|Name:||Earl Eric Shark|
|Rank/Branch:||Sergeant First Class/US Army|
Company C, 1st Battalion,
28th Infantry, 1st Infantry Division
|Date of Birth:||23 May 1946|
|Home of Record:||Pomona, CA|
|Date of Loss:||12 September 1968|
|Country of Loss:||South Vietnam|
Click coordinates to view maps
|Status in 1973:||Missing in Action|
|Other Personnel In Incident:||(none missing)|
SYNOPSIS: On 12 September 1968, then Sgt. Earl E. Shark was assigned to Company C, 1st Battalion, 28th Infantry, 1st Infantry Division that was conducting a reconnaissance-in-force mission. The mission's area of operation was located in rugged jungle covered mountains approximately 1 mile south of a primary road, 2 miles northeast of Loc Ninh Airfield, 6 miles south of the South Vietnamese/Cambodian border, and 75 miles north of Saigon, Binh Long Province, South Vietnam.
Sgt. Shark was serving as the pointman for the 1st Squad, 3rd Platoon as the platoon advanced up a hill approximately 6 kilometers northeast of the town of Loc Ninh. His unit came under intense enemy fire. The radio operator with Sgt. Shark transmitted that both men had been wounded and needed help. When the point element came under fire from a superior enemy force, according to witnesses, Earl Shark was wounded in the upper torso. His radioman was also hit by the same burst of fire, but was five to ten meters behind the sergeant. The platoon leader and his radioman reached and rescued the wounded radio operator, then crawled to within 5 to 10 meters of Earl Shark. They could see no movement, heard no noise, and saw no visible sign of life.
As the firefight continued, the platoon leader threw a hand grenade at an enemy soldier located in an entrenched bunker in front of Sgt. Shark. The grenade fell short and exploded closer to the wounded American than to the enemy soldier. Fragments from the grenade fell close enough to Sgt. Shark to set off the smoke grenades attached to his web gear, but Earl Shark still made no voluntary movement. Due to heavy enemy fire, the platoon leader and his radio operator were forced to withdraw without retrieving Sgt. Shark.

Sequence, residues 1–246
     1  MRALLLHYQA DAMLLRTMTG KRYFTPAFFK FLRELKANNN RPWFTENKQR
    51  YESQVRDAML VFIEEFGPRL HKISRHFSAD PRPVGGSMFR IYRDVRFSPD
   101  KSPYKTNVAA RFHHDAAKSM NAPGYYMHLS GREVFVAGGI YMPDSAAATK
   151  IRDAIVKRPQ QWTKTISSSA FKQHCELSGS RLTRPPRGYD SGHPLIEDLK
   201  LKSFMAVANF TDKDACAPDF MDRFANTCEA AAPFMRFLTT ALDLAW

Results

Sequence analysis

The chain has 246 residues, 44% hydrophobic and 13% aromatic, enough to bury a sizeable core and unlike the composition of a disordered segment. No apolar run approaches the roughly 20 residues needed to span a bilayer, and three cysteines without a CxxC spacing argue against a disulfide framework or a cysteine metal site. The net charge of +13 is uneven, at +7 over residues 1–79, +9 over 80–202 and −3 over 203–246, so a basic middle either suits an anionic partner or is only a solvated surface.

Three days later, on 15 September, the unit was able to reach the area where Sgt. Shark was last seen. The search and rescue/recovery (SAR) team found Sgt. Shark's helmet and part of his canteen in the position where he had last been seen, but found no trace of him. Because of the circumstances of loss, the Army believed he "was captured and probably died of his wounds in captivity." This position is supported by US government documents. However, in spite of that belief, at the time the formal search operation was terminated, Earl Shark was listed Missing in Action.
Almost immediately intelligence reports were received and correlated to Earl Shark by US military intelligence agencies. These reports indicated that although seriously wounded, Earl Shark was alive, captured and survived for roughly 5 days before dying as a result of his wounds and complications following the amputation of one of his legs. He is reported to have died at K101 Dispensary in Cambodia and was reportedly buried west of the hospital.
On 22 December 1970, the Provisional Revolutionary Government (PRG), better known as the Viet Cong, released a list containing the names of American POWs who they reported died while under their control. The PRG list included Earl Shark as having Died in Captivity. Ironically, at the end of the war the VC refused to return the remains of Sgt. Shark in spite of the fact they acknowledged holding him prisoner.
Earl Shark died under the direct control of the VC who could return his remains to his family, friends and country any time they have the desire to do so. For other Americans who remain unaccounted for in Southeast Asia, their fate could be quite different. Since the end of the Vietnam War well over 21,000 reports of American prisoners, missing and otherwise unaccounted for have been received by our government. Many of these reports document LIVE American POWs remaining captive throughout Southeast Asia TODAY.
Military men in Vietnam were called upon to fight in many dangerous circumstances, and they were prepared to be wounded, killed or captured. It probably never occurred to them that they could be abandoned by the country they served.